In the week of waiting for his biopsy, Josh diagnosed himself with cancer. He took a leave of absence, citing the temptation to endlessly Google “mortality rates for lymphoma” at his desk. He woke me not to argue about dreamt-up games, but to bemoan his fate. When I begged for sleep, he said, “You heartless bitch! I could die!”

I told him to call a cancer support hotline. He threatened to divorce me. The next day I called the oncologist to beg for the results of his biopsy, to put me out of my misery. The oncology nurse called me an “advocate.”

How little she knew.

The results showed the welt was “benign, most likely an infected bug bite.”

Josh was a tad disappointed, his wellspring of rhetoric sucked dry. My parents were elated.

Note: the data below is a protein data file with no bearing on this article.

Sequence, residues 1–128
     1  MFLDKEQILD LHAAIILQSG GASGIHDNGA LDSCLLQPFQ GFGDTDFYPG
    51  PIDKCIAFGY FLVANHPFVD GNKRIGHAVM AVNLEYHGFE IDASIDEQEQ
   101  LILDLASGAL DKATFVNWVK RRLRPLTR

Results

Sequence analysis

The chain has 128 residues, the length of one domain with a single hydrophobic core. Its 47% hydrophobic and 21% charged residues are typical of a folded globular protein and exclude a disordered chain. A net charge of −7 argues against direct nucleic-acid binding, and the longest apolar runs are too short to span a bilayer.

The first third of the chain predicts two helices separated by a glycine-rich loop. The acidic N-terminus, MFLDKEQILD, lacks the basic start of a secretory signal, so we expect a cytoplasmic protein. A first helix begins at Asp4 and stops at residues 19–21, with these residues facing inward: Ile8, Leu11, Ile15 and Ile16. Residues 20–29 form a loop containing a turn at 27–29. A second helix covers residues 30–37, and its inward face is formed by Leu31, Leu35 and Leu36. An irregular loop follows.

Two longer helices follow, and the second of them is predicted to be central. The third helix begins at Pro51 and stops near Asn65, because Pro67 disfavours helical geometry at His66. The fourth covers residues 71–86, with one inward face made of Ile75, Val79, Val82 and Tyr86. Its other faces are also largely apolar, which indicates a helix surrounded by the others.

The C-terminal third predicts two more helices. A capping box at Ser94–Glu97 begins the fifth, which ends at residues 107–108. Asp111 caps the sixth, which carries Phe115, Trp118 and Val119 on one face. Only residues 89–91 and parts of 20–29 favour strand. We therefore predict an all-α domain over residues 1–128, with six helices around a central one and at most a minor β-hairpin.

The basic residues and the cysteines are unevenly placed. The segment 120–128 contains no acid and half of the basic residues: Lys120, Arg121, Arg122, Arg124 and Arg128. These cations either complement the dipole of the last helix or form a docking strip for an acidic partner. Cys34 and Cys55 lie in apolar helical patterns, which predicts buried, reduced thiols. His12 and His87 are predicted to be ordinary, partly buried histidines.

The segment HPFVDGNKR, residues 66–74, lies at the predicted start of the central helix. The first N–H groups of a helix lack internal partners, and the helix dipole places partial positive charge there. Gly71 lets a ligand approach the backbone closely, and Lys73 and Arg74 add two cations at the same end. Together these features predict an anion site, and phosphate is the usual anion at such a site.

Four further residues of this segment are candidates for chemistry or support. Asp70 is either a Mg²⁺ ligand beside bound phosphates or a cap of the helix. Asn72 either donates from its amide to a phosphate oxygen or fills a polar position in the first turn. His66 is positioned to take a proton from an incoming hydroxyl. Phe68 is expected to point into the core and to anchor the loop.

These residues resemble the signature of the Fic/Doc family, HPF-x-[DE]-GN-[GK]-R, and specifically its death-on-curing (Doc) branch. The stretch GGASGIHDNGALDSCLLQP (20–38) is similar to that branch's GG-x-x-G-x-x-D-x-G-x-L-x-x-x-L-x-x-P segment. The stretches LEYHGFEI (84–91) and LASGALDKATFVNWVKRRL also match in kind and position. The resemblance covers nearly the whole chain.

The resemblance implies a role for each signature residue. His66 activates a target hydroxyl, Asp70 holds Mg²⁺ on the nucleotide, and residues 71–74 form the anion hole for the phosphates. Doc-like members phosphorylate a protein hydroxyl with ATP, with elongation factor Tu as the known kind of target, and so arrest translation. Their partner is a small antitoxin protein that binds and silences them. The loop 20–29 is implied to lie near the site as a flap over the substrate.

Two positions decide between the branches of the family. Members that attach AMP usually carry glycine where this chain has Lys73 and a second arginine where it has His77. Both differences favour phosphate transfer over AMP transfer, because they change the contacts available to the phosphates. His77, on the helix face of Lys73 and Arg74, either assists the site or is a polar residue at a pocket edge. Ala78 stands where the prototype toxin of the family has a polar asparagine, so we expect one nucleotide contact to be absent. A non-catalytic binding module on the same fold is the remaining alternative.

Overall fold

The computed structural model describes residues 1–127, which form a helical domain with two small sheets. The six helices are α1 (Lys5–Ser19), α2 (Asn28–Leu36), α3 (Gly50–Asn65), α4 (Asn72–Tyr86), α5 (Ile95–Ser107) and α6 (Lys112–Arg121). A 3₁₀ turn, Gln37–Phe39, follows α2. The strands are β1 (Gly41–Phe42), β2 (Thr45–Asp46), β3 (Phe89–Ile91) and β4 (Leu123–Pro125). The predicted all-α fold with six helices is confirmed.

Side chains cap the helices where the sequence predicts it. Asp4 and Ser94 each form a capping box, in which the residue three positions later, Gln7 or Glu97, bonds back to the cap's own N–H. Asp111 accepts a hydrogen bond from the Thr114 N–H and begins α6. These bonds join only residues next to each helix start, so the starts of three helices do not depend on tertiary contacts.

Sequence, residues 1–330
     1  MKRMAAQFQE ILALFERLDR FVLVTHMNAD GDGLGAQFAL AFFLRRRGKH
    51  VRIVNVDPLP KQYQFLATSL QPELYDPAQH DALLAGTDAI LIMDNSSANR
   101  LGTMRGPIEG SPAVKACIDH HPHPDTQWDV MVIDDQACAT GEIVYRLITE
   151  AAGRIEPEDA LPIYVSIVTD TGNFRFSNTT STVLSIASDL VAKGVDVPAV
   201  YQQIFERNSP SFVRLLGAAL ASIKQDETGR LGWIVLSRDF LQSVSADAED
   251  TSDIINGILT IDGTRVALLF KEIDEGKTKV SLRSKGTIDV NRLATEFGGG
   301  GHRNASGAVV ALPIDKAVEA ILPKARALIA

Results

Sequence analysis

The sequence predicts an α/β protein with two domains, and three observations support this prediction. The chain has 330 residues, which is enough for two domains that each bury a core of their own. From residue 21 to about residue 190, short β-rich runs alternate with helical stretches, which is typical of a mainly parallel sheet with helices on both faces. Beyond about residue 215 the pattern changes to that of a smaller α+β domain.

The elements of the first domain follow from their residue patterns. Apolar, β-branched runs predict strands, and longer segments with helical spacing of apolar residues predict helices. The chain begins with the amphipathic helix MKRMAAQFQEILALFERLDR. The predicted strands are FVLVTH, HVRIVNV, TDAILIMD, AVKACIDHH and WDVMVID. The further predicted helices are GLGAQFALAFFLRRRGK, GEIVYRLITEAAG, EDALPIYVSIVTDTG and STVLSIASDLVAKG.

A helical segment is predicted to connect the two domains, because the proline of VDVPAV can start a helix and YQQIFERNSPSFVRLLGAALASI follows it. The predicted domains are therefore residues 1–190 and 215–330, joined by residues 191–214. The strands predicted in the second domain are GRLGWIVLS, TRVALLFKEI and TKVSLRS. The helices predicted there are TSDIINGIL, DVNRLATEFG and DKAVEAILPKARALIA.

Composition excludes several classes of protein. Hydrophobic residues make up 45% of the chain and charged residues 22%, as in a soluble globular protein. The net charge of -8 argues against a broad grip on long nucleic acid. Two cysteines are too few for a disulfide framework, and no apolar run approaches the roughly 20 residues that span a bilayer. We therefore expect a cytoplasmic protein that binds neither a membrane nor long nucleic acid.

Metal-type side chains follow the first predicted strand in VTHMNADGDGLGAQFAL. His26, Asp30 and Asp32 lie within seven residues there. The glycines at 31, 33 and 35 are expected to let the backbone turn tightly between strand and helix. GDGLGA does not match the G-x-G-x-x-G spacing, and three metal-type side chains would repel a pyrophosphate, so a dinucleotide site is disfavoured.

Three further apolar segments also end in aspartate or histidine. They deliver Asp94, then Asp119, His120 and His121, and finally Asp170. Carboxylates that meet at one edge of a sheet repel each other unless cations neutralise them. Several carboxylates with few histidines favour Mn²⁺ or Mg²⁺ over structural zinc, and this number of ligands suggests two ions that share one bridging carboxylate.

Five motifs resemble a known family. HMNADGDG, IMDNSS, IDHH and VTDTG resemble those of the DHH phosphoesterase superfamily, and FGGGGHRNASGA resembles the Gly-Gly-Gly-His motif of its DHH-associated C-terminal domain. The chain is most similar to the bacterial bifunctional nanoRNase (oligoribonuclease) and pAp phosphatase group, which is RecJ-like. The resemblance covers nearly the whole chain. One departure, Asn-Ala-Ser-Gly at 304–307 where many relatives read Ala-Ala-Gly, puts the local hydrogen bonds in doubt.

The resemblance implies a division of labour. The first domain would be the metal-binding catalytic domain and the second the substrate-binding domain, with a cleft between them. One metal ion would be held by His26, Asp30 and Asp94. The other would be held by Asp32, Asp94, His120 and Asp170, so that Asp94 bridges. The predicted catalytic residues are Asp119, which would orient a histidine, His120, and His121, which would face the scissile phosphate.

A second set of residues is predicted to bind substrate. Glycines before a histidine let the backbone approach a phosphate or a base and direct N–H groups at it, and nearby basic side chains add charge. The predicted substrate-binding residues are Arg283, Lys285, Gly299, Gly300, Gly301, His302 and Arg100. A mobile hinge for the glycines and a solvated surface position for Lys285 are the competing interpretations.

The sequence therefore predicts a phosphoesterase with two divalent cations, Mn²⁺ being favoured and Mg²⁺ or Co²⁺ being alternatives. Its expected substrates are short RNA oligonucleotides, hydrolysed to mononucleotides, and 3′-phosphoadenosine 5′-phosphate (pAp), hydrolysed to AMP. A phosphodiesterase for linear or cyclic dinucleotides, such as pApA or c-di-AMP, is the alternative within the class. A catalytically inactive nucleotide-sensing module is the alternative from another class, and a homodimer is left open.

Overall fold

“You see!” said my father. “He never spends anytime outside with us and the kids! Of course he’d confuse a bite for a cancer.”

My life wasn’t tragic after all. It was ridiculous, sublime, ironic, coddled—so how could I complain?

This is why I can’t coax my voice out of the icicle. I can only create collusion between my mother, father and husband, diverting the arrows even as they’re slung. You want to do yoga? Go for therapy?  But we’re in the middle of target practice!

My speaking up is really a mere soliloquy: sound and fury, symbolizing nothing and everything. But I hold onto one secret thought, the silver lining to my lack of agency: If misfortune strikes my children, it will not stain my conscience—because I will not have set the series of unfortunate events in action. Remembering this lets the arrows ping gently off my back. It makes a lozenge of the swallowed, stalled panic.


Melissa Pheterson is a journalist and writer of short stories and personal essays. Her work has appeared in Bacopa Literary Review, decomP and The Healing Muse. She lives in Rochester, NY.